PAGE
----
UEFA EURO - 2019/20 SeasonMatch press kits
|Bosnia and Herzegovina||Stadion Bilino polje - ZenicaTuesday 26 March 2019|
20.45CET (20.45 local time) Group J - Matchday -11#BIHGRE
|09/06/2017||QR (GS)||Bosnia and Herzegovina - Greece||0-0||Zenica|
|13/11/2016||QR (GS)||Greece - Bosnia and Herzegovina||1-1||Piraeus||Tzavellas 90+5; Karnezis 32 (og)|
|22/03/2013||QR (GS)||Bosnia and Herzegovina - Greece||3-1||Zenica||Džeko 30, 54, Ibišević 36; Gekas 90+3|
|12/10/2012||QR (GS)||Greece - Bosnia and Herzegovina||0-0||Piraeus|
|13/10/2007||QR (GS)||Greece - Bosnia and Herzegovina||3-2||Athens||Charisteas 10, Gekas 58, Liberopoulos 73; M. Hrgović 54, Ibišević 90+2|
|11/10/2006||QR (GS)||Bosnia and Herzegovina - Greece||0-4||Zenica||Charisteas 9 (P), Patsatzoglou 82, Samaras 85, Katsouranis 90+3|
|02/04/1997||QR (GS)||Bosnia and Herzegovina - Greece||0-1||Sarajevo||Frantzeskos 73|
|01/09/1996||QR (GS)||Greece - Bosnia and Herzegovina||3-0||Kalamata||Ouzounidis 41, Apostolakis 78, Nikolaidis 84|
|Bosnia and Herzegovina||1||0||0||1||1||0||0||1||-||-||-||-||2||0||0||2||2||7|
|Bosnia and Herzegovina||3||1||1||1||3||0||2||1||-||-||-||-||6||1||3||2||4||6|
|Bosnia and Herzegovina||-||-||-||-||-||-||-||-||-||-||-||-||1||0||1||0||0||0|
|Bosnia and Herzegovina||4||1||1||2||4||0||2||2||-||-||-||-||9||1||4||4||6||13|
* FIFA World Cup/FIFA Confederations Cup
Last updated 23/03/2019 23:41CET
|-||Ibrahim Šehić||02/09/1988||30||BB Erzurumspor||-||1||0||0||0|
|-||Toni Šunjić||15/12/1988||30||Dinamo Moskva||-||0||0||0||0|
|-||Eldar Čivić||28/05/1996||22||Sparta Praha||-||1||0||0||0|
|-||Edin Višća||17/02/1990||29||İstanbul Başakşehir||-||1||0||0||0|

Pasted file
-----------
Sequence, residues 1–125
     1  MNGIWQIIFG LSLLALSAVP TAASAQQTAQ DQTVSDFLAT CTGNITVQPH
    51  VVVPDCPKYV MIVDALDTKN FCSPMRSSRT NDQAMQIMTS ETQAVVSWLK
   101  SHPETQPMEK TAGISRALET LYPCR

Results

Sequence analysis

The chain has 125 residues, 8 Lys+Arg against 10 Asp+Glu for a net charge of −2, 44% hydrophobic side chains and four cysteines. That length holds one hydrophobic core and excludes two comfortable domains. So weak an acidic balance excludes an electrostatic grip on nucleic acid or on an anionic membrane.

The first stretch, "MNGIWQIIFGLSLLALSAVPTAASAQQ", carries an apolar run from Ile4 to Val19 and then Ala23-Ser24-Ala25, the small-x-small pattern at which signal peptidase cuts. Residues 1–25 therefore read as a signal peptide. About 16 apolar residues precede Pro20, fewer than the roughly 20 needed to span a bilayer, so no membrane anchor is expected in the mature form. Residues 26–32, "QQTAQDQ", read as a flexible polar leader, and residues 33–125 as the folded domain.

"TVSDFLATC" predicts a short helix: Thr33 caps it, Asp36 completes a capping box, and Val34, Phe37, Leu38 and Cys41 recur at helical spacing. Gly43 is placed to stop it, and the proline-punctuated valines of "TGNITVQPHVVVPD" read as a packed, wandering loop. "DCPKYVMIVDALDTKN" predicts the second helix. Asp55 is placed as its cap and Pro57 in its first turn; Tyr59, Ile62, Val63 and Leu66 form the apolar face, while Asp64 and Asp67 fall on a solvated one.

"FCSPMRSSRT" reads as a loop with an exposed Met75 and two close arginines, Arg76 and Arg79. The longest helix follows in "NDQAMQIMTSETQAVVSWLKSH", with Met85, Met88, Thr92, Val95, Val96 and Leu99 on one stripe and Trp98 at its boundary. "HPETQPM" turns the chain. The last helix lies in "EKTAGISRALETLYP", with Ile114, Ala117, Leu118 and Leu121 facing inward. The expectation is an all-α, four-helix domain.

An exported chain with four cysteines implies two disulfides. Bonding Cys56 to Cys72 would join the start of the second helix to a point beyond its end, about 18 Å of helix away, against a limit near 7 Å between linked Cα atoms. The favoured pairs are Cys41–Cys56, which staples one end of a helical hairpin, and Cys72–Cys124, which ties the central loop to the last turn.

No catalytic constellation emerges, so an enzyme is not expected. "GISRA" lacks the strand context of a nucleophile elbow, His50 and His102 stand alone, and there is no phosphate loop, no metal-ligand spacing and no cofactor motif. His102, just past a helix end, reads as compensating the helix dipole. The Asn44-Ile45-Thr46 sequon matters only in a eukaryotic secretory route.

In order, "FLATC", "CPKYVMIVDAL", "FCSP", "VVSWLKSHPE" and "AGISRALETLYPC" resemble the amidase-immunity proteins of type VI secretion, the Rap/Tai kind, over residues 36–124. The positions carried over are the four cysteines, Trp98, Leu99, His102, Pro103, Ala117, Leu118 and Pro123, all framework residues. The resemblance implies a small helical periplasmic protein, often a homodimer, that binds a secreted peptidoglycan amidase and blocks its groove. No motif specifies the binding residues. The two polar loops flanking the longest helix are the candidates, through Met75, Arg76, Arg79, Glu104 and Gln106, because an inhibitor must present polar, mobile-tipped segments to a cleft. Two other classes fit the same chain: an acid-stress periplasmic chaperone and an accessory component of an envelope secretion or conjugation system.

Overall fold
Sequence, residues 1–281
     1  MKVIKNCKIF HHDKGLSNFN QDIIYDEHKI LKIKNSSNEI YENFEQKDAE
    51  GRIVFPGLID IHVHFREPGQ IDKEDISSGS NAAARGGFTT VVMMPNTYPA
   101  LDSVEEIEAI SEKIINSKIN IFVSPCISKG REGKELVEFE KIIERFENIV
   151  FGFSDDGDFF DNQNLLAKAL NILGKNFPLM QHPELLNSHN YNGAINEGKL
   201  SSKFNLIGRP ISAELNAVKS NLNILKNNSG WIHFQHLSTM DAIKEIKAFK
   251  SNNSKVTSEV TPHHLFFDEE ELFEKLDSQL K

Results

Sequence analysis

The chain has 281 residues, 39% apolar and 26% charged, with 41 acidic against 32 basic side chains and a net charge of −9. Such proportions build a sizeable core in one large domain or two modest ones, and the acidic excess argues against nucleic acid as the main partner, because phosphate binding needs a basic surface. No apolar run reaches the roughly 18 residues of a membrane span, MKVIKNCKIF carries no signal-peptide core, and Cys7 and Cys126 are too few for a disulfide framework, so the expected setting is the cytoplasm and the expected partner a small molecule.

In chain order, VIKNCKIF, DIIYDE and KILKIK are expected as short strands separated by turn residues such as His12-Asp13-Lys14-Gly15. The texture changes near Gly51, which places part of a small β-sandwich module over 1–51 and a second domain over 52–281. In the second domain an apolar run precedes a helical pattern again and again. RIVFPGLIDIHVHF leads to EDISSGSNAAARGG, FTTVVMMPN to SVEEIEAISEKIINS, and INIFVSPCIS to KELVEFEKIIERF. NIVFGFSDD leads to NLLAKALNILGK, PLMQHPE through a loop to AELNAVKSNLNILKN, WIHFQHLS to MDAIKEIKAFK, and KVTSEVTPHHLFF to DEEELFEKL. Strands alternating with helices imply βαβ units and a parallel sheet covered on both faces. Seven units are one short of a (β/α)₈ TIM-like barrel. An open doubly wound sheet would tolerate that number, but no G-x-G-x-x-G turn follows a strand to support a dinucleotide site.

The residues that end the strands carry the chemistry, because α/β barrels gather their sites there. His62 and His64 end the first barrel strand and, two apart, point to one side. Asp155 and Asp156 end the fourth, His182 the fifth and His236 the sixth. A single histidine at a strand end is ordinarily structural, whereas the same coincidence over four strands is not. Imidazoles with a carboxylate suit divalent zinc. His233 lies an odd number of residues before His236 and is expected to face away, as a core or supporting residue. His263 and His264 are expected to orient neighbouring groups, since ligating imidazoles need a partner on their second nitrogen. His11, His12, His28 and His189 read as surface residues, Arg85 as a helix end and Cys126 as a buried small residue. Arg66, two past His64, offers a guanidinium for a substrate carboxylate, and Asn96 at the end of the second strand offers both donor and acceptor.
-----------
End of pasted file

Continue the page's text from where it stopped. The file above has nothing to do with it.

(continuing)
|-||Gojko Cimirot||19/12/1992||26||Standard Liège||-||0||0||0||0|
|-||Amer Gojak||13/02/1997||22||Dinamo Zagreb||-||1||0||0||0|
|-||Elvis Sarić||21/07/1990||28||Suwon Bluewings||-||0||0||0||0|
|-||Elvir Koljič||08/07/1995||23||Univ Craiova||-||1||0||0||0|
Last updated 26/03/2019 10:22CET
Date of birth: 12 January 1969
Playing career: Dinamo Zagreb (twice), Crvena zvezda, Real Madrid, Real Oviedo, Barcelona, Sevilla, Hrvatski Dragovoljac, Standard Liège, Portsmouth, Olimpija Ljubljana, Zagreb
Coaching career: Croatia (assistant), Crvena zvezda, Kayserispor, Azerbaijan, Bosnia and Herzegovina
• Born in Germany, Prosinečki moved back to Croatia with his family in 1979, and developed as a midfielder with stunning technique at Dinamo Zagreb.
• He moved on to Crvena zvezda and, after starring in Yugoslavia's 1987 World Youth Championship (now FIFA U-20 World Cup) triumph in Chile, he helped helped the Belgrade side to win the 1990/91 European Champion Clubs' Cup, scoring the opening penalty in their shoot-out success in the final victory against Marseille. He also won three Yugoslav league titles with the club.
• After a high-profile transfer, injuries hampered his time at Real Madrid, though he was to stay in Spain for some time, representing Oviedo, Barcelona and Sevilla before further adventures in Belgium, England and Slovenia.
• Capped 15 times by Yugoslavia and 49 times by Croatia, his goals in the 1990 and 1998 tournaments made him the only player to score in FIFA World Cup final tournaments for two different nations.
• Having assisted former Croatia team-mate Slaven Bilić with the national team, Prosinečki coached Crvena zvezda to Serbian Cup success in 2011/12 and led Turkish side Kayserispor from 2012 to 2013. Hired as Azerbaijan coach in December 2014, he stepped down three years later and was appointed by Bosnia and Herzegovina on 4 January 2018, guiding his new side to promotion from League B of the UEFA Nations League later that year.
Date of birth: 3 October 1953
Playing career: PAOK, Panathinaikos, Korinthos, Diagora
Coaching career: Diagora, Panargeiako, PAOK (three times), Iraklis (twice), Panathinaikos, Cyprus, PAS Giannina, Platanias, AEL Larissa, Greece